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Vegan Summer Heirloom Tomato Sauce with Onion and Butter (. . . feeding my "inner fashionista" hand sewing Alabama Chanin and joining Sew-a-longs)

July 28 2015 Vegan Thyme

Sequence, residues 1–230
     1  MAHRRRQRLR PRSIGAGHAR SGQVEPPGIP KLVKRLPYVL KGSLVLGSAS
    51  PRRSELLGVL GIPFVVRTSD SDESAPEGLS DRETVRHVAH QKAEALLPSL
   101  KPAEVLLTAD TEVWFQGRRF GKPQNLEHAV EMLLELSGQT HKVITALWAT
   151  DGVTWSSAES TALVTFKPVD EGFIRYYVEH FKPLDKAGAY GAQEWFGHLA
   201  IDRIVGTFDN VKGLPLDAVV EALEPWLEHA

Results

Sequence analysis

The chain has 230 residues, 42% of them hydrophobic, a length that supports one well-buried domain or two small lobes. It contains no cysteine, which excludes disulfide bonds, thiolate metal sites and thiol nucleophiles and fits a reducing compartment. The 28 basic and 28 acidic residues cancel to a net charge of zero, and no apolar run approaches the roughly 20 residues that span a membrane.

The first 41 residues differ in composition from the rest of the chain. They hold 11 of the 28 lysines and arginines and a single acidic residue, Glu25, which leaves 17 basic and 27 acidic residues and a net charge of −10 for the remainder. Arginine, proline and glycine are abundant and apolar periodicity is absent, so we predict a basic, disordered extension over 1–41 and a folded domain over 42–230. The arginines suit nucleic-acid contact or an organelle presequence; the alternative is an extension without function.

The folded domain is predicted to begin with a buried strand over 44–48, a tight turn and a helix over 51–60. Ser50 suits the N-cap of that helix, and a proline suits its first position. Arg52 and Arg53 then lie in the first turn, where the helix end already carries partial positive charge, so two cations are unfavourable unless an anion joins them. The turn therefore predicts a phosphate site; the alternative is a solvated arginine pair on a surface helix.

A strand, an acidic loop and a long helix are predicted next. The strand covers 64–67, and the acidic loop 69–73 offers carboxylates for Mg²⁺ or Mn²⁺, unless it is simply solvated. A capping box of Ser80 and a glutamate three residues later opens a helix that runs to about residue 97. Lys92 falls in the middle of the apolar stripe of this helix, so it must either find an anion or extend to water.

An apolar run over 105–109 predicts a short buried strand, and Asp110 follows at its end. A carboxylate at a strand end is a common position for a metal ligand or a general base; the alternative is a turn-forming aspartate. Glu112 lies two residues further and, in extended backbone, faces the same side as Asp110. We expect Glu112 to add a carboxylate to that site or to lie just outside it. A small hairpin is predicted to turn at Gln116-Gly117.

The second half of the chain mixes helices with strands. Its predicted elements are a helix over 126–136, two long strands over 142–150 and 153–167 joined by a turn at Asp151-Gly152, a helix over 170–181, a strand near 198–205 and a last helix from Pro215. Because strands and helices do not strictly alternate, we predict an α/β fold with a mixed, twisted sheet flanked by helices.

Vegan Summer Heirloom Tomato Sauce with Onion and Butter (. . . feeding my The tomatoes have been piling up here. I had to do something. So I did Italian of course. Not that I needed a recipe to create a perfect fresh tomato sauce with pasta dinner. I didn't. But I believe anything Italian made well can be made even better with little pearls of wisdom from Marcella Hazan. Made with 2 lbs. of heirloom tomatoes, a half stick of vegan butter, an onion (peeled and cut into quarters), five cloves of garlic and cooked this according to Marcella at "a very slow but steady simmer for 45 minutes . . . until the fat floats from from the tomato". Her basic sauce omits the garlic and I can appreciate that option. But as far as I'm concerned, it's not really edible Italian Sauce without the garlic. I tasted the sauce while it was simmering without the garlic, it was "okay". As the sauce simmered, I thought it needed some umph: so I also added a fresh zucchini, a carrot, some celery and a can of garbanzo beans. This was a scrumptious meal.  And an even better leftover the next night.  I also added fresh basil and oregano from the garden, too--but toward the end of cooking.  Finally, I hit it with some balsamic vinegar. Perfecto!  The comfort of creating an Italian sauce completely from scratch was exactly what I needed.  The aroma filling the house was intoxicating.  (Regardless of the fact that it was a blistering 110 degrees outside!) (I hope Marcella would have loved me for riffing on her basic sauce recipe in creating this dinner. Surely she would have "loved" knowing the ingredients were grown right out my back door.) The bounty from my garden has been overwhelming. With all the rain and horrid growing conditions, I was concerned my tomatoes wouldn't produce.  I moved them to a new location this year, and obviously they LOVE their new home.  (In the old asparagus bed.)  Asparagus + Tomatoes = Love. This is the largest tomato of perfect shape and size I've EVER grown.  I was giddy when I picked it. So. Delish. I've been sewing a lot lately. Not every single day, I can't "mentally" take it.  Sewing still intimidates me.  Don't ask me why.  Nevertheless, the creative sewing forces driving lately have taken me to try my hand at completing a tank top I ordered from Alabama Chanin--and hand sewing a garment.  I sort of can't get enough of the Alabama Chanin "looks" and styles, plus this cotton fabric made from plants only a few states south of where I sit!--It boggles my mind, really.  Take a tour of her offerings and tell me that her fashions aren't the most brilliant, comfortable, easy living you've ever seen.  It's eye candy for my sewing soul. (*Plus I have to tell you, Rosanne Cash is one of my favorite people--love her music, love her passion, loved her dad, Johnny. . . she LOVES Alabama Chanin, too. Small World.)  I have three of Alabama Chanin sewing books in my collection. I've been picking them up here and there over the course of a few years now. I never knew quite where to start. I was going to try my hand at buying some cotton fabric myself and stencil and applique it with one of her designs, but the thought of narrowing it all down: figuring out what silhouette I wanted, what stencil to apply, what color. . . well, it was too much "deciding".  So I ordered one of the more affordable pieces I could find on her site. This is the V-neck tank with the Magdalena stencil.  I ordered it in all black. It's a color I happen to love.  There are sewing techniques you need to be familiar with in sewing her seams. The books help a lot in that arena.  On the shoulder here, I have double sewn my seams in the manner she describes, using a flat-felled seam: stitch the seams together, then tuck under and stitch again.  Brilliant and leaves a much cleaner looking finished seam. The part I am working on now is the stencil. Now I may have done this incorrectly. I am embroidering the applique to the top of my tank. In the photo, you can see where I cut away the top layer of fabric around the applique--which gives this very hip, natural "layered" effect to the otherwise fairly basic black cotton. It's brilliant. And like I said, I have a crush on these clothes right now.  My "inner fashionista" sews s-l-o-w-l-y. But I sew because I want to, not because I have to.  Having spent nearly twenty years in fashion retail, my DNA is forever altered. I love clothes. However, I dread shopping. I would rather find a few sewing patterns/­­silhouettes I absolutely cannot live without, and recreate them over and over in several colors and fabric choices vs. having to schlep through racks of ready-to-wear, only then have to schlep again to the fitting room to "try on". Ugh.  Just thinking about it makes me want to take a nap. (My sewing supplanted my knitting in the evenings. Who can hold wool in their hands when it's 110 outside? Um, I can't. Don't worry yarn gods, I'll be back, I promise!) Anyway. . .So far, I love how the tank is turning out. It will be a cross-seasonal wearable top. In the fall, I can wear it under a denim jacket.  A few weeks ago, I signed up for the Aster Sewalong sponsored by Colette Patterns.  I have no idea how to sew a top like this.  I've never sewn a front button shirt!   I hope I don't screw this up.  Just in case, I bought two different fabrics for my project--I figure making two will totally "up" my learning curve in the area of attaching sleeves, adding buttons and working with shirting material.  This is my fabric for my first go-around on the Aster shirt.  I love this print. I bought it at Hawthorne Threads Fabric and it's from Amy Butler.  LOVE. IT. Well, now I just need a job in an optometrists office and then I'll have somewhere to wear it. My sewing philosophy: It's all about that fabric. My second Aster shirt will be made with some fabric I picked up on sale at JoAnns--it's Gertie's fabric! I loved this chambray looking cotton.  I decided I'd pair with pink buttons and pink bias tape for the hem and collar.   Finally, I wanted to show you a McCall's pattern 6510 I made with a jersey knit I picked several years ago. (Or maybe last year--it's difficult to recall exactly.)  First of all, I LOVE this pattern--this is totally my silhouette:  flowing, drapey and casual. I used gray bias tape around the collar and it sort of flips out when I wear it, which is fine. I mean, it's casual and comfortable. It really gives it that "organic/­­handmade look" which works for me. I plan on making another one. It's so simple--a giant circle, with a seam up from the bottom to just under the arms. Used my serger for blind hemming the whole thing (which is a HUGE hem)-- but it worked. Next up: